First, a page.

OPEC says worst of crisis is past for oil markets


July 15, 2010 Updated Jun 14, 2009 at 9:41 PM CDT

The OPEC oil producers' cartel said the worst of the impact from the economic crisis was past for the oil markets, as it fractionally reduced its demand estimate for 2009 on Friday.

"In light of the considerable challenges the world economy and commodity markets, particularly the oil market, have undergone, the worst appears to be behind us," the Organization of Petroleum Exporting Countries wrote in its latest monthly report.

"As the world economy stabilises, the world oil demand appears to be settling down," it said.

"Industrial production activities are steadying and in some parts of the world have even improved slightly. This should stop the bleeding in oil demand. There are no significant downward revisions to our previous oil demand forecasts."

OPEC estimated that demand would contract by 1.62 million barrels per day (bpd) or 1.89 percent in 2009 -- only a marginal downward revision in demand from its earlier forecast.

In its previous monthly bulletin released in May, OPEC had been pencilling in a contraction of 1.57 million bpd or 1.83 percent for 2009.

Nevertheless, uncertainties remained, OPEC cautioned.

"US oil demand is the wild card and any further downward adjustment in the country's oil demand would have an impact on total world oil demand," it said.

One of the major uncertainties was whether the current optimistic sentiment would prove sustainable, which will largely depend on improvements in the real economy and in financial markets, OPEC continued.

"Despite spreading optimism that the deep economic downturn may reach bottom in the coming quarters, the world economy is still facing considerable challenges."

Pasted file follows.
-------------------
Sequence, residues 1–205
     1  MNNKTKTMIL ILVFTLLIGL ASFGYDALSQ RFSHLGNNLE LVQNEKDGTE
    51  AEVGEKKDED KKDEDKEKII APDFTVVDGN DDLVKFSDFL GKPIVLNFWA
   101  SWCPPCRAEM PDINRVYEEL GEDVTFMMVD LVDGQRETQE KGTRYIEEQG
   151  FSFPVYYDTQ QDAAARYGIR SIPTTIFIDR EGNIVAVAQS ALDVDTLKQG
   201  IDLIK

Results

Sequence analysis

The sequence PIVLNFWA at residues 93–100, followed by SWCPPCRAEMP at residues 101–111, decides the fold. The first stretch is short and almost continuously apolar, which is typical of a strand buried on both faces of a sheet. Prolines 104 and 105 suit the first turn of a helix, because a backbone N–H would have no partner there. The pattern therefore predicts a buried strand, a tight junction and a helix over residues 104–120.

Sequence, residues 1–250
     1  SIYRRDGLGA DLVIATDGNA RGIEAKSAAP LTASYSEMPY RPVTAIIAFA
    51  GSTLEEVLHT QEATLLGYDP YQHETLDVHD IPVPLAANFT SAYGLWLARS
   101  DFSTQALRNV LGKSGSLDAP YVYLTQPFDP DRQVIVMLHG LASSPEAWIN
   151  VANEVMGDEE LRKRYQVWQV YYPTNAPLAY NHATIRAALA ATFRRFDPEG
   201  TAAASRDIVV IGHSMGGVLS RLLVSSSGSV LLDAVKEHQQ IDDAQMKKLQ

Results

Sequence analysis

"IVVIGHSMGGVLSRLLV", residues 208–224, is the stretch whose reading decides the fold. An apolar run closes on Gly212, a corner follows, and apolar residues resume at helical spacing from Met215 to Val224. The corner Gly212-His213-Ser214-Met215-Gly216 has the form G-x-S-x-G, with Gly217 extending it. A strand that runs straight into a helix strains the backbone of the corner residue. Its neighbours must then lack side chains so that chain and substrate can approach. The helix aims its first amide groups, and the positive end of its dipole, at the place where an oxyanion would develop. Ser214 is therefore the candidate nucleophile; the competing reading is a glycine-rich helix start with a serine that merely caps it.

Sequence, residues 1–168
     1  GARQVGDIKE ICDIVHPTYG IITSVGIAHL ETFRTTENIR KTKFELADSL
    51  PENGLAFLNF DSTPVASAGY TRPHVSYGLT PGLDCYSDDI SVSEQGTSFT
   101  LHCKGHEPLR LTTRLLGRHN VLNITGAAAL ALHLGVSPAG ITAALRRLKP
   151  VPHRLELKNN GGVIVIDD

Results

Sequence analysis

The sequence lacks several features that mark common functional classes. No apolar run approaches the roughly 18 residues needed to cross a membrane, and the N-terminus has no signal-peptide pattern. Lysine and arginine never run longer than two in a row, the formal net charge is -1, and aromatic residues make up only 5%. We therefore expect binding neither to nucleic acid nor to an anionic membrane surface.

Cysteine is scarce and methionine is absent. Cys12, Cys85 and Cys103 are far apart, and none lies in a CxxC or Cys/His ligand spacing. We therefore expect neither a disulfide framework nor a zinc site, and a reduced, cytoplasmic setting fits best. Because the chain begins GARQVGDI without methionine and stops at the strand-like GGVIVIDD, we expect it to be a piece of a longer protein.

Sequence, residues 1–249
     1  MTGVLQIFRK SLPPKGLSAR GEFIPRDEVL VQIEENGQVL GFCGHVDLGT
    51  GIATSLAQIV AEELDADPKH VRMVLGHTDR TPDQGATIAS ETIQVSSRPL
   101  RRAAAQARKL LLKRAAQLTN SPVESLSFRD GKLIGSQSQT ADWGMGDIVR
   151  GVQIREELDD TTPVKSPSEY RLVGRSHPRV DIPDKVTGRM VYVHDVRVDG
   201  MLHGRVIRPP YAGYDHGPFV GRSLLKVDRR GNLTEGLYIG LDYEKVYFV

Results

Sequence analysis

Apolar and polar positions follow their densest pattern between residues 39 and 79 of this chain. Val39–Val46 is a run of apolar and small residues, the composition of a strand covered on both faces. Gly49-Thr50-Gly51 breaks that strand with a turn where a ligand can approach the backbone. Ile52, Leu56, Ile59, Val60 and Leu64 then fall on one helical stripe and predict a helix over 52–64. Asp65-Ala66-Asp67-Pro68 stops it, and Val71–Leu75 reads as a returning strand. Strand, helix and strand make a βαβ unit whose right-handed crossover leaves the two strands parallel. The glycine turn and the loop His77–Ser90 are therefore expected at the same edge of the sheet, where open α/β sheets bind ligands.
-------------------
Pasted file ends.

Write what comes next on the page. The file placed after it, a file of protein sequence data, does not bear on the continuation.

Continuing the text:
Unemployment was still rising in industrialised countries, banks' balance sheets remained shaky and private consumption, investment and exports were expected to remain subdued.

"These concerns could dampen or delay a global recovery. Moreover, markets are beginning to worry about the consequences of the huge public deficits."

If the current optimism prevailed, however, stability on the oil market would be achieved by producers continuing to reduce the excess supply and bringing inventories back to more healthy seasonal levels by the end of the year, OPEC said.

"In line with these efforts, OPEC member countries have reiterated their firm commitment to agreed production levels, as well as their readiness to respond swiftly to any developments which might place oil market stability at risk," the report said.

At its meeting in Vienna last month, OPEC opted to keep its output unchanged at 24.845 million barrels a day.

On Thursday, the International Energy Agency (IEA) raised its forecast for global oil demand this year and said that a recent 20-dollar surge in the oil price and unexpectedly strong US consumption were among signals that the recession may be receding.

Oil prices surged to a new 2009 high on Thursday, but were down slightly on profit-taking on Friday, analysts said.

New York's main futures contract, light sweet crude for delivery in July, eased 64 cents to 72.04 dollars per barrel, after hitting 73.23 dollars on Thursday -- the highest level since October.

Brent North Sea crude for July delivery declined 59 cents to 71.20 dollars on Friday, after touching 72.27 the previous day.

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